Partisan Politics Not Always Bad
- Oct 03, 2008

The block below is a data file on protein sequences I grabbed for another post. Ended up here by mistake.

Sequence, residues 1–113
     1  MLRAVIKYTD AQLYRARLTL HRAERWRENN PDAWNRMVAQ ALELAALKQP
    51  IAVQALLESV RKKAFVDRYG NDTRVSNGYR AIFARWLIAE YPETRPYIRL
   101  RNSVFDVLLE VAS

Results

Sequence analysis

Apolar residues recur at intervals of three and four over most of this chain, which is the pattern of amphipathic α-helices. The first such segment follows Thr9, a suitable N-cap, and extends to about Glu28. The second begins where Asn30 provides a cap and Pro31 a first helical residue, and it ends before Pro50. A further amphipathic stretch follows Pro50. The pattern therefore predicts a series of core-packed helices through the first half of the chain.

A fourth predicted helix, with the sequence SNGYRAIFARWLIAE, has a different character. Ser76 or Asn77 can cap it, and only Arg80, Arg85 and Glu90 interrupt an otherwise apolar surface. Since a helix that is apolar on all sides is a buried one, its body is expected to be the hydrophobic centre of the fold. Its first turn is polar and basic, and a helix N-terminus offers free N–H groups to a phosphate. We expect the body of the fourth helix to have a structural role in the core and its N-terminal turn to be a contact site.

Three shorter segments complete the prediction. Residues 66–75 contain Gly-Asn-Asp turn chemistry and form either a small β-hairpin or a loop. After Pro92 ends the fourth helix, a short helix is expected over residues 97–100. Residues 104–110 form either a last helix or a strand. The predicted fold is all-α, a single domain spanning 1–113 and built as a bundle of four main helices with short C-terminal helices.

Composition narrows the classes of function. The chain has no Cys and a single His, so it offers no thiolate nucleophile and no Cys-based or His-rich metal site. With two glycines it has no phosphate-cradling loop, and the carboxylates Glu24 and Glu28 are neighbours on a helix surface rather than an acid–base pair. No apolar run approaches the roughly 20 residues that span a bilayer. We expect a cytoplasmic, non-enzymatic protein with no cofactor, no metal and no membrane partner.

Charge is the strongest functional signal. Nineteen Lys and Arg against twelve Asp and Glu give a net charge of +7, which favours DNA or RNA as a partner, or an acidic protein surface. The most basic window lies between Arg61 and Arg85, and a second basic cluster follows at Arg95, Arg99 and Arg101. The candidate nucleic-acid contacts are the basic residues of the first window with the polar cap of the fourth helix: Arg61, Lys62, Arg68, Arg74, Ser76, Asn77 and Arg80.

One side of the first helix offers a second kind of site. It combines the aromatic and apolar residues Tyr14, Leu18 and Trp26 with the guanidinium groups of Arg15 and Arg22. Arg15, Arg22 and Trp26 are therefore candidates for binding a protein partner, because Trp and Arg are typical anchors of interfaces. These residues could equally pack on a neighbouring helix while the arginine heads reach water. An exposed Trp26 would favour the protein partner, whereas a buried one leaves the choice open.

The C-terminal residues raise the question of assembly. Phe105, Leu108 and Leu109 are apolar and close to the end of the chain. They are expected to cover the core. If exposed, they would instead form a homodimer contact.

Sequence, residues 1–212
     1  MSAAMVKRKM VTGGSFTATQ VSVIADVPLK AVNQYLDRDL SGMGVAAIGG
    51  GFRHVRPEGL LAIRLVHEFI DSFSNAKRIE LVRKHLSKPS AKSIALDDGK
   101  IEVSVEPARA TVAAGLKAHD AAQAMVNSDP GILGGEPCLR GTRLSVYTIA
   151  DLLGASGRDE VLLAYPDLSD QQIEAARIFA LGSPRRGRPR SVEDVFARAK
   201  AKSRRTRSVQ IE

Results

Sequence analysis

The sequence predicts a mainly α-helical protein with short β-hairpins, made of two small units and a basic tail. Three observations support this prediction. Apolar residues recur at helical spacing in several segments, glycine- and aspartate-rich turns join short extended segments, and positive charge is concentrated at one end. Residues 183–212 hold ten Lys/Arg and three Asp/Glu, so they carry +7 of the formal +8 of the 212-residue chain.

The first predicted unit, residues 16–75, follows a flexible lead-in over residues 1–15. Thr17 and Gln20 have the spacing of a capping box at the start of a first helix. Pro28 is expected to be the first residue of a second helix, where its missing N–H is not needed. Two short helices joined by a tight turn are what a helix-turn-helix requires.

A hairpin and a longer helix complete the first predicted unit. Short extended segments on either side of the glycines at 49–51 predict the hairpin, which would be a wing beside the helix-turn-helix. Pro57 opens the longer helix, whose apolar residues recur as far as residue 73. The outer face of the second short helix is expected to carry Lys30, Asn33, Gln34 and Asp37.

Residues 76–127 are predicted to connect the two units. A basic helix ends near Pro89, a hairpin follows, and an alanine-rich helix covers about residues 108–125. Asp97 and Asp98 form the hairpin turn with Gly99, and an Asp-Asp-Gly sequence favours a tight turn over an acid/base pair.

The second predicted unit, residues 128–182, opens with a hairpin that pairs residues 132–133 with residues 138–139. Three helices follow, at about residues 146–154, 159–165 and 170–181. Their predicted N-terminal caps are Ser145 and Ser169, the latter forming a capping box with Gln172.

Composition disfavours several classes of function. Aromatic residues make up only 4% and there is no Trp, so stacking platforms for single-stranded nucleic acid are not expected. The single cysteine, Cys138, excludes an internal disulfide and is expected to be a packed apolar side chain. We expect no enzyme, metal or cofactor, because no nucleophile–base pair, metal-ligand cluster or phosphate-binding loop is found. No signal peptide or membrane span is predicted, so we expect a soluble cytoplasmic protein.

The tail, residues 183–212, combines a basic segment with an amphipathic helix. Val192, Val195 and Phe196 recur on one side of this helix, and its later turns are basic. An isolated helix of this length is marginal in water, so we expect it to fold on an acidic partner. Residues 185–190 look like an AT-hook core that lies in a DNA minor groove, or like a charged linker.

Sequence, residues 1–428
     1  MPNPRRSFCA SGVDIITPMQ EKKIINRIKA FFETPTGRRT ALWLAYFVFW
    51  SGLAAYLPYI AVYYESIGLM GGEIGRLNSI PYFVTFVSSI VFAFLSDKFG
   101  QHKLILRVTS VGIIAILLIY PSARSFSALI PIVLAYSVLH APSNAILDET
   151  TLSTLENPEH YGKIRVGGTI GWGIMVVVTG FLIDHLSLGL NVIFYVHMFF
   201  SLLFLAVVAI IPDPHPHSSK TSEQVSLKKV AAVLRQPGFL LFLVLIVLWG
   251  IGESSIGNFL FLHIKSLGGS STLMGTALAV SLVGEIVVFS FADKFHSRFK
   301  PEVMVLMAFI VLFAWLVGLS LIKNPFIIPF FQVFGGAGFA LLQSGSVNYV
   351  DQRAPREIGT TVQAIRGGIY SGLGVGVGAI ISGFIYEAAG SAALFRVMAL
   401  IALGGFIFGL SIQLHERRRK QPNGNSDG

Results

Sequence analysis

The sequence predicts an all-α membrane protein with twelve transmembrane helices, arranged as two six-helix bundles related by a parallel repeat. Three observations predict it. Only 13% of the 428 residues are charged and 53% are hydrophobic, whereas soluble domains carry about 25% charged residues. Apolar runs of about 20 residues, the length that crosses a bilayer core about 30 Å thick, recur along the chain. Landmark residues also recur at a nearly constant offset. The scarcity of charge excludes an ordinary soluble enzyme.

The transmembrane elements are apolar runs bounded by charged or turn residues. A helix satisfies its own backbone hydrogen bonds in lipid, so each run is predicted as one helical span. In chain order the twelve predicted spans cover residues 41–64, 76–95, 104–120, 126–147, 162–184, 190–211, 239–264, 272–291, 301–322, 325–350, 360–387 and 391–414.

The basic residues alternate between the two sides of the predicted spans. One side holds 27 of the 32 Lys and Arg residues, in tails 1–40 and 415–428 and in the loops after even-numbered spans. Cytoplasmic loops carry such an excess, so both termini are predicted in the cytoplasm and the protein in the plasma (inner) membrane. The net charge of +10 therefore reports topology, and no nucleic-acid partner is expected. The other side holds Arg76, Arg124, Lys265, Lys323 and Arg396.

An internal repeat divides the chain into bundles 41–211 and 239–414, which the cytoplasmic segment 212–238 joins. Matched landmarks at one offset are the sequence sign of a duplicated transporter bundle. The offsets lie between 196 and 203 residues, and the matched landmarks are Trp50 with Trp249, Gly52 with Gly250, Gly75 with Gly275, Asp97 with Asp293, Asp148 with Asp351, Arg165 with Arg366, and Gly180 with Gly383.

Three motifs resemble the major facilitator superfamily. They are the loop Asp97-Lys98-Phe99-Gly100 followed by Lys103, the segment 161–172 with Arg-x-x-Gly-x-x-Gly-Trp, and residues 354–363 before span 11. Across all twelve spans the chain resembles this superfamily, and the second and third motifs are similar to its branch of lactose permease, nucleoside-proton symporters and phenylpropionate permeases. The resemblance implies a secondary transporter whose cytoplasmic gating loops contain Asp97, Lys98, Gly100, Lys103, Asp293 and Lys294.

The truth about partisan politics is that contrary to public opinion, it’s not always a bad thing. Likewise, bipartisan efforts don’t always reflect altruistic behavior and selfless acts. From my perspective, it isn’t necessarily the stance you take, but rather the reasons underpinning your decision to adopt a position that matter most. In today’s column I’ll share the unpopular truth about partisan politics.In this last week I have harshly criticized others for both their partisan and bipartisan behavior, and I have also been criticized for my staunch partisanship. I’m not going to spend much time debating specific positions in the text that follows, but I am going to ask that you take a hard look at the motivations underlying positional differences, and then to draw your own conclusions from there. Let’s begin by understanding that the intent behind a multi-party system is to insure integrity, transparency, and accountability. Partisanship serves as a fundamental check and balance allowing different perspectives, voices, and agendas to be put forth for consideration. I would submit that the danger lies not in the practice of partisan politics as it was designed, but rather in the disingenuous and self-serving interests of those who choose to abuse their positions in an effort to be viewed as non-partisan. In fact, I would further submit that when an individual believes his or her partisan beliefs are in contravention to popularist bipartisan agendas, that they have a moral and ethical obligation to stand firm in partisan opposition.The truth of the matter is that it can take a lot of guts to cross party lines, or it can display a complete lack of intestinal fortitude. The question should not be whether a person acts in a partisan or bipartisan fashion, but rather why are they choosing to do so. Is their choice based upon doing things right, or doing the right thing? Is the decision based upon holding firm to their values and beliefs, or does the decision compromise values, ethics, and beliefs to satisfy public opinion and to protect their personal popularity?Let me digress for a moment and address the issue of popularity. It becomes a very slippery slope when a politician, celebrity, executive, parent, child, friend, etc., develops a need to be popular, and in turn places that need ahead doing the right thing. When the primary motivating factor underpinning a position or a decision is to be liked, compromises in personal integrity and character quickly follow. In today’s culture where our nation has become obsessed with celebrities, and being politically correct, the need to be perceived as popular has become a demanding master to whom many strive to serve.Popularity, vanity, narcissism, or other forms of self-indulgent or self-serving behavior are very temporary states. These characteristics while initially appealing, have no moral quality, serve no higher purpose, and are fleeting at best. While anyone can spin their way into popularity on a temporary basis, long-term respect is earned by not catering to special interests, not by compromising your values and beliefs, but by fighting for the right thing regardless of public opinion.In this last week we have seen numerous calls to set aside partisan agendas in support of putting our nation’s interests first. In principle, I concur with the sentiment of the aforementioned battle cry. However, this assumes that the Bailout plan is truly in our nation’s best interests. I am much more impressed with those politicians, journalists, pundits, and other individuals who have opposed the bailout on principle, than I am with those that have looked for cover by walking the middle of the road.My personal belief is that the heroes of this last week are those individuals who have stood boldly to oppose a flawed piece of legislation. It is incumbent on all of our elected officials to adopt whatever partisan or bipartisan positions necessary when and where it serves the best interests of our country. I have supported the Republicans and Democrats who have opposed the Bailout plan, and I have likewise hammered the Republicans and Democrats who have indulged in fear mongering and played party politics in supporting a rush to pass a flawed piece of legislation.